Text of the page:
Not surprisingly, my husband takes a different decision-making approach. He is more of a brain-storming analyzer, a list maker, a pros and cons pro. You know, one of those people that you love to decide where to eat with because they can name all of the restaurants in the area, explain to you how to get to each one (and tell you the fastest route), and warn you of the calories in each dish so as not to increase your waist-line. Hazards of this responsibility super power include frequent mind changes and stress over making the absolute right decision.

Now, imagine trying to buy a house with that same amazingly conscientious person! He definitely has his opinions, but ultimately, he doesn’t want to be the one resented for a bad decision later either, ever-wavering. Believe it or not, despite our massive decision-making differences, I think we have FINALLY come to the same conclusion. We want house #3. I am trying not to get my heart too set on said house just in case, but if all goes well, I will be posting pics of OUR NEW HOUSE in the next couple of days. Sometimes 2 heads (however border-line dysfunctional) really are better than one! :-)

Saturday, January 22, 2011

Super Hero?

I am not a Super Hero. Shocking, I know. People have been commenting lately on my amazing strength and resilience. Well, it’s time to set the record straight. Despite my best efforts at seeming put-together and my “embrace the sunshine” goal, I still have melancholy days. Days where I listen to the same depressing songs over and over just to feel the tears run down my face. Days where my mood swings give Erik whiplash. Days where, if my outside actions matched my inner turmoil, there’s a good chance I would be in jail or a special hospital, complete with straight jacket.

There are times when hearing someone complain about their pregnancy weight gain or lack of sleep from their newborn baby is enough to cause me to make a scene (in my head). There are moments when the words, “We want to have a baby by the time I’m _______ years old” sets my teeth on edge. As if it’s just that easy. I want to scream out, “Don’t you think I used to say the same things!? And look at me now!!!” Usually I just settle for a laughing, “Sometimes God has a different idea!” hoping to remind them to use a little sensitivity.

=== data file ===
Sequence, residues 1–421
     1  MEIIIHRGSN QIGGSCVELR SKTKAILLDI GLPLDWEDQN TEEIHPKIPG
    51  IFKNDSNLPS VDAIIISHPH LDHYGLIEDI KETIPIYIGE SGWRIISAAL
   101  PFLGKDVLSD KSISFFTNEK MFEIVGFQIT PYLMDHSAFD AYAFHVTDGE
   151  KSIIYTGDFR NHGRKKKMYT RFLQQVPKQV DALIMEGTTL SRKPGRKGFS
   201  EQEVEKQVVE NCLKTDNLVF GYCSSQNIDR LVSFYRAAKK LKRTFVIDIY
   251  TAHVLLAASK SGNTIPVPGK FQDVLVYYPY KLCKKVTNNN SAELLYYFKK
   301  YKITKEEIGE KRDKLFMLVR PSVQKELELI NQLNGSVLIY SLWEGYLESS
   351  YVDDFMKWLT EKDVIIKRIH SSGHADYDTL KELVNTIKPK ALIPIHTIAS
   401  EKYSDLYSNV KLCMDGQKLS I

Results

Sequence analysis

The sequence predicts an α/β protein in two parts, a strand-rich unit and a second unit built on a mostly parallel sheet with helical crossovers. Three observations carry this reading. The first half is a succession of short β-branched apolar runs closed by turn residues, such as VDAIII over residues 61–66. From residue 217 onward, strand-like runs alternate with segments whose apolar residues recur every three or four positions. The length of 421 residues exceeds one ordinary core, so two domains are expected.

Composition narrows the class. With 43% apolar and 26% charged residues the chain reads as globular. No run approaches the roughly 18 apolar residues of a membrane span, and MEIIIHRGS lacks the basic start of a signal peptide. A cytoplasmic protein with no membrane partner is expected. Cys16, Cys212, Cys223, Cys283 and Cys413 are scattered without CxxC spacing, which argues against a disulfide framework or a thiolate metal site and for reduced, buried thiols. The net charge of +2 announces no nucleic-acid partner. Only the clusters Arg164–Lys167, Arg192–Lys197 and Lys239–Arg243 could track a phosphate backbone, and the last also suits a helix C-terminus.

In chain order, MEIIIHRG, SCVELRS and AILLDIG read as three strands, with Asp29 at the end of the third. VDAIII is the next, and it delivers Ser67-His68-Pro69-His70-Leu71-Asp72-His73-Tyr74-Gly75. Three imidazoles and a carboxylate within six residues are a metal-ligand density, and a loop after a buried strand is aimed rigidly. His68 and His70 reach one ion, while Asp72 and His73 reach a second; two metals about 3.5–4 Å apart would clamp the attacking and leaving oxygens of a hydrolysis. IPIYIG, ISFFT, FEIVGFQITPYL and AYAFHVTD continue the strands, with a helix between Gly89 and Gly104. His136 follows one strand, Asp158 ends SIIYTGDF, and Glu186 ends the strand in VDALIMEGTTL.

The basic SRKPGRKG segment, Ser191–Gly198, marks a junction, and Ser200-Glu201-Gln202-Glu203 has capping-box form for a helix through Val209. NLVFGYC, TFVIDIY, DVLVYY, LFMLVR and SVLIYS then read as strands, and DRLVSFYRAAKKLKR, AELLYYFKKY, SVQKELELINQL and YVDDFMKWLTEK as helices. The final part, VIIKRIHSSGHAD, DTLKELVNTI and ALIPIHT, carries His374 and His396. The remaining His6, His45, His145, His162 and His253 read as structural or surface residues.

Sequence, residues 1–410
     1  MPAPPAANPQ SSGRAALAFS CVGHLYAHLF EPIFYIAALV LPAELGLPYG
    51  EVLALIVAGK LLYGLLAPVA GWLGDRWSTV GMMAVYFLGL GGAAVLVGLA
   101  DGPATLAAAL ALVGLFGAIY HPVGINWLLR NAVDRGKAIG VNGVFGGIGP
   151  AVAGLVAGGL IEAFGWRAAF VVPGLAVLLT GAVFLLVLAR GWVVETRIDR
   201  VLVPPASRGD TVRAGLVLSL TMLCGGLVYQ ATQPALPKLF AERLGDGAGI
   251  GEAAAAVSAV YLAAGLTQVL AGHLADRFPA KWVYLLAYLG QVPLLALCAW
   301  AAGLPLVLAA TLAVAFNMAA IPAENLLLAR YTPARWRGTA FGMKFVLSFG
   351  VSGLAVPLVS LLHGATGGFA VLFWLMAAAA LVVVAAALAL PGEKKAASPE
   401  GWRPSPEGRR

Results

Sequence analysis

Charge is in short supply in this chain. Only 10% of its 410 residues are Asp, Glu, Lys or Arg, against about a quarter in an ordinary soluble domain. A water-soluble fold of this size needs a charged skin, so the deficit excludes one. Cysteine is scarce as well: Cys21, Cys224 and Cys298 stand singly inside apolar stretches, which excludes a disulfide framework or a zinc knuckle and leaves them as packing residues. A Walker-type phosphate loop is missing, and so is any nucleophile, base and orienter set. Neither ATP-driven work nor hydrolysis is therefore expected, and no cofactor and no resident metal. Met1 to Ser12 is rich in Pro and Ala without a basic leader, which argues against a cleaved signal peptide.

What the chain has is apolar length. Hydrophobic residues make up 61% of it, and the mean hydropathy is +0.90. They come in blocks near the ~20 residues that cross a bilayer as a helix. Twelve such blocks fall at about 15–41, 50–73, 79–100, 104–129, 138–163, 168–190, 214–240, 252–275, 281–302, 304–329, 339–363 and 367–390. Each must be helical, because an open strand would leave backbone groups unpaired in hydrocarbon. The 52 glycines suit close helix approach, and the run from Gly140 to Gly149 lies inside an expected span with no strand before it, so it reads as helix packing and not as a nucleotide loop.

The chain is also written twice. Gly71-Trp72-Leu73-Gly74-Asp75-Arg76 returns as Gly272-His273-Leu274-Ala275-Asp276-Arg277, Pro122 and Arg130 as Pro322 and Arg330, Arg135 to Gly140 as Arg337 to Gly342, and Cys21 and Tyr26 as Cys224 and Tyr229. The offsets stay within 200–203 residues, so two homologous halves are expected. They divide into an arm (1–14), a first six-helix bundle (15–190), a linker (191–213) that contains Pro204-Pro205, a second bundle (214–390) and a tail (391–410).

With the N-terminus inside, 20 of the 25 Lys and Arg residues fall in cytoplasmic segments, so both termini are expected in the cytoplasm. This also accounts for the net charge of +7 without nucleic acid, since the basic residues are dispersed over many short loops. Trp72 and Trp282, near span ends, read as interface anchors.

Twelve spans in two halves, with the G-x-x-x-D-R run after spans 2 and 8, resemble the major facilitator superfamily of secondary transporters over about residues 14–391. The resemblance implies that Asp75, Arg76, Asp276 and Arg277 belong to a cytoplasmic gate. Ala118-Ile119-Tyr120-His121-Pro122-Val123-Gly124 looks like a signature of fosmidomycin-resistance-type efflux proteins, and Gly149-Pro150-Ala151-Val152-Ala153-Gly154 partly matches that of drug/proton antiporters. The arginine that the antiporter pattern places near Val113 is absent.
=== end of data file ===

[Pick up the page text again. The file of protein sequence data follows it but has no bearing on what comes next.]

Lately, however, I’ve realized that I’M the one being insensitive. People have the right to talk about their goals, grumblings and goings-on without walking on egg-shells around me! The only way that you develop hyper-sensitivity like mine is to live through something like this, and I certainly wouldn’t wish it on anyone. It is beyond selfish to expect others to analyze every word before they speak, trying to decide if it will offend me. I certainly wouldn’t want to be around someone like that for very long!!

Goal # 1,000,001 is as follows: Stop being a big fat baby every time you hear a sentence containing the aforementioned word!! (See, even I use it without thinking occasionally!) Thanks for the sincere compliments Friends; they are making me want to be the person you think I am. Love you all!! J

Thursday, January 20, 2011


Last weekend our pastor preached another great message. One line in particular has been such a comfort to me this week. “Do what you can do, and let God do what you cannot do.” So simple, and yet so profound. It is very similar to the adage, “Let go and let God,” but for some reason his version just spoke to me more clearly. I have to admit that his statement goes against every bit of my hyper-controlling nature. Slowly relinquishing the idea of control has been very much a part of this whole baby (and even house-hunting) process.

I can control which doctors I see, which medicines I take or don’t take, even how many ultrasounds I get to have. But I have been exposed to many of the things that I cannot control through all of this this and they alone are enough to fill a few hundred books. We can also choose which house we make an offer on, which addition we want to live in, and how much we want to spend. However, we cannot keep people from buying a house out from under us or offering more money than we are willing to pay.